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Appears in:
Pages: 5239-5242
Publication year: 2016
ISBN: 978-84-617-5895-1
ISSN: 2340-1095
doi: 10.21125/iceri.2016.2268

Conference name: 9th annual International Conference of Education, Research and Innovation
Dates: 14-16 November, 2016
Location: Seville, Spain

NONVERBAL COMMUNICATION ELEMENTS IN INSTRUCTIONAL/LEARNING ENVIRONMENTS

M. Hinchcliff-Pelias

University of Louisiana (UNITED STATES)
Theorist E.T. Hall characterized nonverbal as the “hidden dimension” and “silent language” of human communication (Hall, 1966; 1973). Nonverbal communication is defined as “the transfer and exchange of messages in any and all modalities that do not involve words” (Matsumoto, Frank, & Hwang, 2013, p. 4). Further, Knapp & Hall (2010) view nonverbal as human communication behaviors that “transcend spoken or written words” (p. 24). Given these conceptualizations, nonverbal elements of human communication may be understood as behaviors that serve to extend, modify, replace, and even contradict verbal messages. Extant nonverbal research suggests that as much as 60 to 90 percent of the meaning of verbal messages, particularly those messages carrying affective information, is conveyed through nonverbal communication codes (Birdwhistle, 1970; Mehrabian, 2007). Instructional contexts are settings in which effective communication is essential. Clearly, instructors’ and students’ nonverbal communication behaviors (positive or negative) may significantly influence instructional/learning environments (Hinchcliff-Pelias, 2013). This essay explores specific nonverbal codes (i.e., proxemics, kinesics, vocalics, chronemics, immediacy) that contribute to the perceived positive or negative communication climates of instructional/learning environments. This essay posits that positive learning outcomes may be contingent on the nonverbal competencies of the instructional participants. To address this contingency, the essay introduces a metric for instructors to consider when assessing learning environments along nonverbal communication dimensions.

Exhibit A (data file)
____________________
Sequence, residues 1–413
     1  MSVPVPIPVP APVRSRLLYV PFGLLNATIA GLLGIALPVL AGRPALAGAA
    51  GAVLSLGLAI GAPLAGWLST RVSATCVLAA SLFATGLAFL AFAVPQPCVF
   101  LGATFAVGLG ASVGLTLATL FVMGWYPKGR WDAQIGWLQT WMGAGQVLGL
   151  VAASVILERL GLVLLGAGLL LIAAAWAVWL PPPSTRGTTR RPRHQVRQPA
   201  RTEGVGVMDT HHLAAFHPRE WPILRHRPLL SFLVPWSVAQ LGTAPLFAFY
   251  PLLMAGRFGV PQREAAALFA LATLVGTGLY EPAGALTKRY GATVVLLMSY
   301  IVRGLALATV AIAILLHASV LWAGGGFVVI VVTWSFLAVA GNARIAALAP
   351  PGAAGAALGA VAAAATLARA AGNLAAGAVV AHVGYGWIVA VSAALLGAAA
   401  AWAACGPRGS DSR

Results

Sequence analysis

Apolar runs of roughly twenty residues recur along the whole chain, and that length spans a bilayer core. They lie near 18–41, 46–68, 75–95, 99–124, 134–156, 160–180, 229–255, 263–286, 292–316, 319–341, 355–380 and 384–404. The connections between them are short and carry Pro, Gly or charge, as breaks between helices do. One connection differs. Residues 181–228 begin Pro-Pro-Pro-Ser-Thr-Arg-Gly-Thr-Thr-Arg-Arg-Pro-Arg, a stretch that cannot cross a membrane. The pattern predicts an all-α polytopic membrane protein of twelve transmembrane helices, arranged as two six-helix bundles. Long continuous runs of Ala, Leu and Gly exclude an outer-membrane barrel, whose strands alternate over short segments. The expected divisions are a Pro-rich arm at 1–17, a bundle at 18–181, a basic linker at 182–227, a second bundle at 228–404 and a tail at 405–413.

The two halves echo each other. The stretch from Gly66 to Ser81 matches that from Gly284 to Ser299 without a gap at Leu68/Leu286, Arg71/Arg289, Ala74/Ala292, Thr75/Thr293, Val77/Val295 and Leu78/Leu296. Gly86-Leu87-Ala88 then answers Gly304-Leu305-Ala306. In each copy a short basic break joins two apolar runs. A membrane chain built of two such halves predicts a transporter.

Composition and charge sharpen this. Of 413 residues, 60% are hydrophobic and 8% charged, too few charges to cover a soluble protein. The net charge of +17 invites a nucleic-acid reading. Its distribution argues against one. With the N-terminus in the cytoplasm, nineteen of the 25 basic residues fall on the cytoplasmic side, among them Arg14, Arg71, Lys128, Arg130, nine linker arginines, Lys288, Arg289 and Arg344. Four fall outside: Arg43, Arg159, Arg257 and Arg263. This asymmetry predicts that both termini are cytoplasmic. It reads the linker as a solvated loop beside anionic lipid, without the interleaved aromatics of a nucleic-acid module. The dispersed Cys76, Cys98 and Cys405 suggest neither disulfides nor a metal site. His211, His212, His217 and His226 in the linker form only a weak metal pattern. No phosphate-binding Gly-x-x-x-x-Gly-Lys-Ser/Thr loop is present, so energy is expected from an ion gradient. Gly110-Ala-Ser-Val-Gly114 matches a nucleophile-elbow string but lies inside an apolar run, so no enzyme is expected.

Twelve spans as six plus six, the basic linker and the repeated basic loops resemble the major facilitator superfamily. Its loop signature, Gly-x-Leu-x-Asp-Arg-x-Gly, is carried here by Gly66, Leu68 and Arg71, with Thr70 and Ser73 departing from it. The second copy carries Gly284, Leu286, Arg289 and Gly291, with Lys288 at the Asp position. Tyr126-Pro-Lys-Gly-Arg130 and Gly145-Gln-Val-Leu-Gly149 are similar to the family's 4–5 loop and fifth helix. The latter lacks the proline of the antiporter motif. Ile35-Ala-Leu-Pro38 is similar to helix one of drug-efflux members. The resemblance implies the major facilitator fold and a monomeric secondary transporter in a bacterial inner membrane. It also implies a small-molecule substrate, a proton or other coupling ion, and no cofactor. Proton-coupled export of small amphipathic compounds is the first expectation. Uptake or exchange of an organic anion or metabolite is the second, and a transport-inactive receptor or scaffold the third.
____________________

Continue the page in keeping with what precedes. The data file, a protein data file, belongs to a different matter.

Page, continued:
References:
[1] Hall, E. T. (1966). The hidden dimension. New York, NY: Doubleday.
[2] Hall, E. T. (1973). The silent language. New York, NY: Anchor.
[3] Matsumoto, D., Frank, M.G. & Hwang, H.S. (2013). Reading people. In D.
[4] Matsumoto, M.G. Frank, & H.S. Hwang (Eds.), Nonverbal communication:
[5] Science and applications, (p. 5). Thousand Oaks, CA: Sage.
[6] Knapp, M.L., & Hall, J.A. (2010). Nonverbal communication in human interactions (7th ed.). Belmont, CA: Thompson Wadsworth.
[7] Birdwhistle, R. (1970). Kinesics and context. Philadelphia, PA: University of
[8] Pennsylvania Press.
[9] Mehrabian, A. (2007). Nonverbal communication. Piscataway, NJ: Transaction.
[10] Hinchcliff-Pelias, M. (2013). Instructional nonverbal competence: Understanding and attending to “hidden/silent” communication dimensions in learning environments. In EDULEARN 13 Proceedings (pp. 493-496). Barcelona, Spain: International Association of Technology, Education and Development (IATED).
@InProceedings{HINCHCLIFFPELIAS2016NON,
author = {Hinchcliff-Pelias, M.},
title = {NONVERBAL COMMUNICATION ELEMENTS IN INSTRUCTIONAL/LEARNING ENVIRONMENTS},
series = {9th annual International Conference of Education, Research and Innovation},
booktitle = {ICERI2016 Proceedings},
isbn = {978-84-617-5895-1},
issn = {2340-1095},
doi = {10.21125/iceri.2016.2268},
url = {http://dx.doi.org/10.21125/iceri.2016.2268},
publisher = {IATED},
location = {Seville, Spain},
month = {14-16 November, 2016},
year = {2016},
pages = {5239-5242}}
TY - CONF
AU - M. Hinchcliff-Pelias
TI - NONVERBAL COMMUNICATION ELEMENTS IN INSTRUCTIONAL/LEARNING ENVIRONMENTS
SN - 978-84-617-5895-1/2340-1095
DO - 10.21125/iceri.2016.2268
PY - 2016
Y1 - 14-16 November, 2016
CI - Seville, Spain
JO - 9th annual International Conference of Education, Research and Innovation
JA - ICERI2016 Proceedings
SP - 5239
EP - 5242
ER -
M. Hinchcliff-Pelias (2016) NONVERBAL COMMUNICATION ELEMENTS IN INSTRUCTIONAL/LEARNING ENVIRONMENTS, ICERI2016 Proceedings, pp. 5239-5242.
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